Not far from our perch in Verona is a city that once had the attention of the world. In 2006, Torino, Italy, hosted the winter Olympics.
Since its games, Torino has returned to being a mid-sized town of about one million people. International news cameras left and people went back to their daily routines. Which brings up the question asked often by economists and culture researchers: What happens to a city after it hosts the Olympics? Billions of dollars are spent anticipating the rush of tourists, attention, and commerce. After two weeks in the spotlight, does the city win or lose?
The answer is complicated. The short explanation is that it depends on the city, and how it picks up the pieces of its global party. Hosts like Mexico City (1968) and Barcelona (1992) found ways to use the glitzy stadiums and venues for their own citizens. A beach that was built in Barcelona for the 1992 games has turned into a popular spot for locals. The Olympic village there became a vibrant new neighborhood.
Two photographers named Jon Pack and Gary Hustwit have pointed their cameras at former Olympic cities. For their book, The Olympic City, they saw the unfortunate cases, too, where venues become costly symbols of excess and disrepair. Athens (which hosted in 2000) thought the games would revive its sluggish economy. Yet after the global recession hit in 2007—followed by Greece’s own financial panic three years later—the venues are not only unused, but heavily guarded to keep away vandals and, one presumes, curious reporters and their cameras.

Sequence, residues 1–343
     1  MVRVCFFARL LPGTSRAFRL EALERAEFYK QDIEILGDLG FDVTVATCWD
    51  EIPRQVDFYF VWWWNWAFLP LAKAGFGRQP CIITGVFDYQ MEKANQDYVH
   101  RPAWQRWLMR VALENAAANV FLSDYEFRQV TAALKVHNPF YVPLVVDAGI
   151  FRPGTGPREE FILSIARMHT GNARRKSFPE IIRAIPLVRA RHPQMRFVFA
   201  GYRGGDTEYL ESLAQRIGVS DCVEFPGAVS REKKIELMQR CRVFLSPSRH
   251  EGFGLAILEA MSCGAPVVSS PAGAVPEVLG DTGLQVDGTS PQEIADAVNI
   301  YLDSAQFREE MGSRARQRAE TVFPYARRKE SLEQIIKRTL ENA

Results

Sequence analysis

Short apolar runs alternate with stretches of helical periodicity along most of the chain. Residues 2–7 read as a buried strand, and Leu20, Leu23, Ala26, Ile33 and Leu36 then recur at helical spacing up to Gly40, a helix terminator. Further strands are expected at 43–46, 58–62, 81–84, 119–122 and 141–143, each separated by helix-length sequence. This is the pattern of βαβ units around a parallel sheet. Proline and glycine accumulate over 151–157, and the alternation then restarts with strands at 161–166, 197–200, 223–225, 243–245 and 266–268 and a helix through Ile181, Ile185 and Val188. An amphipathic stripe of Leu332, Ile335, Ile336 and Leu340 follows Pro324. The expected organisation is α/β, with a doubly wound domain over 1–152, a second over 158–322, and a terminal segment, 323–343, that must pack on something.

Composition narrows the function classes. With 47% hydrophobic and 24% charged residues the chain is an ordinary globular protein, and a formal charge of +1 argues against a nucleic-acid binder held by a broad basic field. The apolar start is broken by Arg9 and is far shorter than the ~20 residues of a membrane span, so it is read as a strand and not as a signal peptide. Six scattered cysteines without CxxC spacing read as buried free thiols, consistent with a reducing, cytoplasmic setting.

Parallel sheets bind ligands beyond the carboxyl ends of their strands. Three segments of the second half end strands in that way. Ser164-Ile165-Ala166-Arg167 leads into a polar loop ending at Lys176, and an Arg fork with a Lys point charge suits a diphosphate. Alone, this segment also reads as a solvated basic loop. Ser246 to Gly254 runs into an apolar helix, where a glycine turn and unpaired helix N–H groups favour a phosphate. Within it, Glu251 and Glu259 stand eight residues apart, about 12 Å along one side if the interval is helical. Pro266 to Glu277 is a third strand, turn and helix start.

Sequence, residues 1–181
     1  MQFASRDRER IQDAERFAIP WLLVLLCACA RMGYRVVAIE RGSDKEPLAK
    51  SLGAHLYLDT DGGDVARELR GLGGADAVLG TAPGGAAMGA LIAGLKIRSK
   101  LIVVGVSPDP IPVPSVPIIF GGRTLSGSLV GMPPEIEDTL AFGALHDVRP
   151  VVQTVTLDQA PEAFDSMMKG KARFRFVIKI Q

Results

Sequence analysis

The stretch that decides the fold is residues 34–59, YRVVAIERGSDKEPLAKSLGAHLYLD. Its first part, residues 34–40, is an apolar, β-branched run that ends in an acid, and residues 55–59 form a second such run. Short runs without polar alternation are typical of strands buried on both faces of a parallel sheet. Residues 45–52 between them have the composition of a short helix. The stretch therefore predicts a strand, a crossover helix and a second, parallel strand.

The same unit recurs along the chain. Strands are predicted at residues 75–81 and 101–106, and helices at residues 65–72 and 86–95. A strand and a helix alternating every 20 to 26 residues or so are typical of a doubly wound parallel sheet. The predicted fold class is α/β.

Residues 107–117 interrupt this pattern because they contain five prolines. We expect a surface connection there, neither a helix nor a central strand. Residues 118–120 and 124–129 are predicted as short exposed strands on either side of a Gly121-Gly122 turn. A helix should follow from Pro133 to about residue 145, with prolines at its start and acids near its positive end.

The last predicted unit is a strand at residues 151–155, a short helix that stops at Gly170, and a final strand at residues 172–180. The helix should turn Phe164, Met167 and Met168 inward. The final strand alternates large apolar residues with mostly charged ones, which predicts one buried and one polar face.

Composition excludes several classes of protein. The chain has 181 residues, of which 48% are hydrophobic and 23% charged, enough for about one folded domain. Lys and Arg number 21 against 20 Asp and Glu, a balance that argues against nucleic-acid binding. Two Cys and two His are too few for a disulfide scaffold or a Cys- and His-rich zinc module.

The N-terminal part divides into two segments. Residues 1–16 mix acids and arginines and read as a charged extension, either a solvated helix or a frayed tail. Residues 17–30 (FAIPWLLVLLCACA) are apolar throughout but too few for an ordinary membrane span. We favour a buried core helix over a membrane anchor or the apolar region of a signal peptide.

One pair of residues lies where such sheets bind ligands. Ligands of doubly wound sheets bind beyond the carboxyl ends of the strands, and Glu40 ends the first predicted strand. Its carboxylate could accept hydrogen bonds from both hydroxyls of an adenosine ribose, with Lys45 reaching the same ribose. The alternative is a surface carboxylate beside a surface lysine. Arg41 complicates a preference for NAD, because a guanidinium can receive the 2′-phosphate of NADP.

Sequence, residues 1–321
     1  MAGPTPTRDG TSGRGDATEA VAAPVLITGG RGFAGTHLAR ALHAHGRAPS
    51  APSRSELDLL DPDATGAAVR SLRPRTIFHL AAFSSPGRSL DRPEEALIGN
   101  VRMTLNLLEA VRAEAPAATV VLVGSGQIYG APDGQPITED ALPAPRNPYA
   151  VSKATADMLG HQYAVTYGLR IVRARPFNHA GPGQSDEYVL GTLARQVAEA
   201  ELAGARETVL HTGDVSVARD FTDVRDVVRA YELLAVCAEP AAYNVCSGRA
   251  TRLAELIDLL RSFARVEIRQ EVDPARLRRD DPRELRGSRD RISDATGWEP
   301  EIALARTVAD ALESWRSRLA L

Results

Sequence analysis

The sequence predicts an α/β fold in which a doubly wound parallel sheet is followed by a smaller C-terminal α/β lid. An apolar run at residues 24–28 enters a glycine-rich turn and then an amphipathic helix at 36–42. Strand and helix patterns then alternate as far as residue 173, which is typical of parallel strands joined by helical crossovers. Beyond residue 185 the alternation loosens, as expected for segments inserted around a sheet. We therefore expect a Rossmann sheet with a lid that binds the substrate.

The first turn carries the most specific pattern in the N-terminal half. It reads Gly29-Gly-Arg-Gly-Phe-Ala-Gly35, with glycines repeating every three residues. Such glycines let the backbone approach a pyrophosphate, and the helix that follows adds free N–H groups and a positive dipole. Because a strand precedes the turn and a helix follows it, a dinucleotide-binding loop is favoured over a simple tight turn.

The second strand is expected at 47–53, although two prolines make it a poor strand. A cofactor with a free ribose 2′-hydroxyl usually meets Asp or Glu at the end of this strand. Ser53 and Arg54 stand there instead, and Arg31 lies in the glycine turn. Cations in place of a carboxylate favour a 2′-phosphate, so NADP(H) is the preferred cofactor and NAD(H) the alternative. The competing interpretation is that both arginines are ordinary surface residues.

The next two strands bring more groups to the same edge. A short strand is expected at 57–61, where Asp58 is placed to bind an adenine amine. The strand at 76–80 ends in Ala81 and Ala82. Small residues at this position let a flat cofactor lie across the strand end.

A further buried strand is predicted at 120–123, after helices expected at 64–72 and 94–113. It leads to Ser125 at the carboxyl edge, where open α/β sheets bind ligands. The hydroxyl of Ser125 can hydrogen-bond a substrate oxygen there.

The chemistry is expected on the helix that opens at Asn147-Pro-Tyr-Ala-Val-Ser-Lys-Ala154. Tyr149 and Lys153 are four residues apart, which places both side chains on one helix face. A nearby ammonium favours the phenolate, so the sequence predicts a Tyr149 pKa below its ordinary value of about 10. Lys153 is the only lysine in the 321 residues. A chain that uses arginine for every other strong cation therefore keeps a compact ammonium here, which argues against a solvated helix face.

The key boon to host cities comes through sporting events and live entertainment. Cities angling for the Olympics usually argue that having an excuse to build large venues would help them attract bigger events. Sometimes it works. In other cases, the windfall comes from tourists who want to visit a place they once saw on TV. A 2006 study from the State University of New York found that 25 years after the Lake Placid, New York, winter games in 1980, the region was still making about $300 million a year from the Olympics, primarily from people hoping to ski and bobsled in the wake of great athletes.
Torino’s story has a happy ending, at least for now. A special subway built for the games was extended in 2010 to accommodate more passengers. That same year, Torino hosted both the Figure Skating World Championship and the Luge World Cup. The best measure of Olympic success may be the one that’s hardest to calculate: pride. Several years after its day in the sun, Torino’s mayor boasted that the Lonely Planet guidebook used to list the city as an industrial town near Milan. After the games, Milan was described as a commercial center near Torino.